The Number One ingredient for learning how to ride a bike is a child who is ready.
They all get to this in their own time.
We bought a bike for our daughter for her 6th birthday. But still she didn’t really embrace it until well after her 7th. Myself and her dad slightly lost it with running along beside the bike. Then; long after we’ve all stopped trying; she decides she is ready and she wants to learn to cycle.
How to ride a bike
But thinking about it several factors had lots of influence:
- We just don’t live in a cycle friendly house and garden, It’s a bit steep and the surfaces are uneven.
- We never take cycle holidays.
- Bicycles are not our preferred form of transport.
- While some families are out after school everyday with the neighbours kids’ cycling around the local park and each others driveways, we just never seem to do that.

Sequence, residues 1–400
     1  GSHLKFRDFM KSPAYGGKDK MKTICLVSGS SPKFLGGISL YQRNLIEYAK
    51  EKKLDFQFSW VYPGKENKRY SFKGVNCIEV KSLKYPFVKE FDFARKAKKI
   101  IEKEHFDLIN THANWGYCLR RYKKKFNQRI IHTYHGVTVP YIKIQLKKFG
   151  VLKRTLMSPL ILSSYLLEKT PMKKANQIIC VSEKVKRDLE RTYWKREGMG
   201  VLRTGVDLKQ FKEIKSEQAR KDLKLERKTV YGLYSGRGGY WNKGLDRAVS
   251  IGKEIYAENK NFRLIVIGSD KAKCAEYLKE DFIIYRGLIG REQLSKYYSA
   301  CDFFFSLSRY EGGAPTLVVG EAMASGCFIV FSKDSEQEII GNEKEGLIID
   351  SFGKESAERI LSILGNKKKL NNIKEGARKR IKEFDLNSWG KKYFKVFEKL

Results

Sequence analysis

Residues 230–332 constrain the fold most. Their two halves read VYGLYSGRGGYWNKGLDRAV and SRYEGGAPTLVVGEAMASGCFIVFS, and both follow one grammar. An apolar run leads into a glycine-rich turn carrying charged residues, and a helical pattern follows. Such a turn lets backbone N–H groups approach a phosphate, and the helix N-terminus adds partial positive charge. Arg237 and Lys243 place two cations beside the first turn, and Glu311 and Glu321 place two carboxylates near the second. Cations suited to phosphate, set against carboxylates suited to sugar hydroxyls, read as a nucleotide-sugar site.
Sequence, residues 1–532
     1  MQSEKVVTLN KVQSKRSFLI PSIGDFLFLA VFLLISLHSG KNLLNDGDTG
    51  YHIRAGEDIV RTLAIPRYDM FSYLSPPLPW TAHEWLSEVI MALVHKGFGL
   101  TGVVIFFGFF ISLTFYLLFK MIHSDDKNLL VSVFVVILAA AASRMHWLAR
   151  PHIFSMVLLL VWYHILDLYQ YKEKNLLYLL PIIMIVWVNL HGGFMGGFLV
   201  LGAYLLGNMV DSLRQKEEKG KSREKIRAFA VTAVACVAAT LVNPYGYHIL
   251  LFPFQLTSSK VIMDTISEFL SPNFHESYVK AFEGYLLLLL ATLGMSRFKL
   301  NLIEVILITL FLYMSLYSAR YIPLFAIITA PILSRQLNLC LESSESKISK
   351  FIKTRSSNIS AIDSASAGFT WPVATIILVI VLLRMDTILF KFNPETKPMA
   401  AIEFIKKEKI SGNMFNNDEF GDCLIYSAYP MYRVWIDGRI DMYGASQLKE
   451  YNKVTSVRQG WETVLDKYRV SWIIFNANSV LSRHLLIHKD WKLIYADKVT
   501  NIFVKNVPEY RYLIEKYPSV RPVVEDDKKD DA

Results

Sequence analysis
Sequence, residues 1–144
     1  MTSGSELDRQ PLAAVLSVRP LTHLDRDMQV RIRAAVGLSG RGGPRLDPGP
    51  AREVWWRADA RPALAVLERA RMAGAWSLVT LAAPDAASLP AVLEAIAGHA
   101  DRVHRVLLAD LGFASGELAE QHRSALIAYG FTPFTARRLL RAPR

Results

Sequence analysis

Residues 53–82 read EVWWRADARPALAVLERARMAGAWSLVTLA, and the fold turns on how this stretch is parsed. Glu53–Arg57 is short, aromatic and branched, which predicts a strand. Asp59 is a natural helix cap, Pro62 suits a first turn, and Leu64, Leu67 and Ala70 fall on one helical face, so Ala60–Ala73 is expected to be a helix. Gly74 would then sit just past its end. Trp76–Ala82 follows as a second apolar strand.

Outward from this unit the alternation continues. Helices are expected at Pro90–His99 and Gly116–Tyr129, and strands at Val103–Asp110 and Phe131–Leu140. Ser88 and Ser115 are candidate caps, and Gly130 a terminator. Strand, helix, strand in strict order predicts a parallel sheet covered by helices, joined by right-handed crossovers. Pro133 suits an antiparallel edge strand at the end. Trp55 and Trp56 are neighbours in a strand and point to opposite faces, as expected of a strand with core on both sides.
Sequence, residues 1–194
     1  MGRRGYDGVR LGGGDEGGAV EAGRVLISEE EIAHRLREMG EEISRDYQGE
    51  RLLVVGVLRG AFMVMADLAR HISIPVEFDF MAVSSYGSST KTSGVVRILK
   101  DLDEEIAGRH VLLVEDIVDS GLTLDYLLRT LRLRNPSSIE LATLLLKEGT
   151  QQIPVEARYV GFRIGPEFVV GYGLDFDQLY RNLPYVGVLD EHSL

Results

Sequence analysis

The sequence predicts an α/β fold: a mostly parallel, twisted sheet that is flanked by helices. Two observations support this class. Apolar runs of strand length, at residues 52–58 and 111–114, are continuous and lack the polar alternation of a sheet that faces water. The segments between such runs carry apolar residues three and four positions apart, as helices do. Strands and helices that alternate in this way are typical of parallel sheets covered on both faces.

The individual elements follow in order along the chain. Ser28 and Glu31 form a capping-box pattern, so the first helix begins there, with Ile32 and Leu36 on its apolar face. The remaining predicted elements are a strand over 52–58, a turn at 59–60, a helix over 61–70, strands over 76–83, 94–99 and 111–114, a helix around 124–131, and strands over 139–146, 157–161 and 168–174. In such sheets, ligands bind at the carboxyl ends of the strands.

So my daughter got to it in her own time. When she wanted to she mastered it.
When learning how to ride a bike so many things make a difference and affect the level of readiness.
It’s not age specific – obviously they need a certain amount of gross motor skills – but apart from that, Location is a factor and how often other family members cycle (don’t take that as a reason to beat yourself for not cycling) These all play a huge role. But don’t panic. They will master it, just at a different speed.
I loved cycling as a kid, the freedom and feeling of wind in my hair. I was never a speed freak but I did have one of those cool chopper bikes and later a BMX that had its accessories stolen from the school bike rack, it broke my heart.
Benefits of cycling
Like the benefits of nature to families, there are so many health benefits when you learn to ride a bike :
As part of The Smart Happy Project we are collaborating with Clonakilty Bicycle Festival and hosting a 5k cycle event. Combined with a scavenger hunt and with a little of rotational symmetry thrown in. What is rotational symmetry?
Come find out more, grab your chopper and get going.
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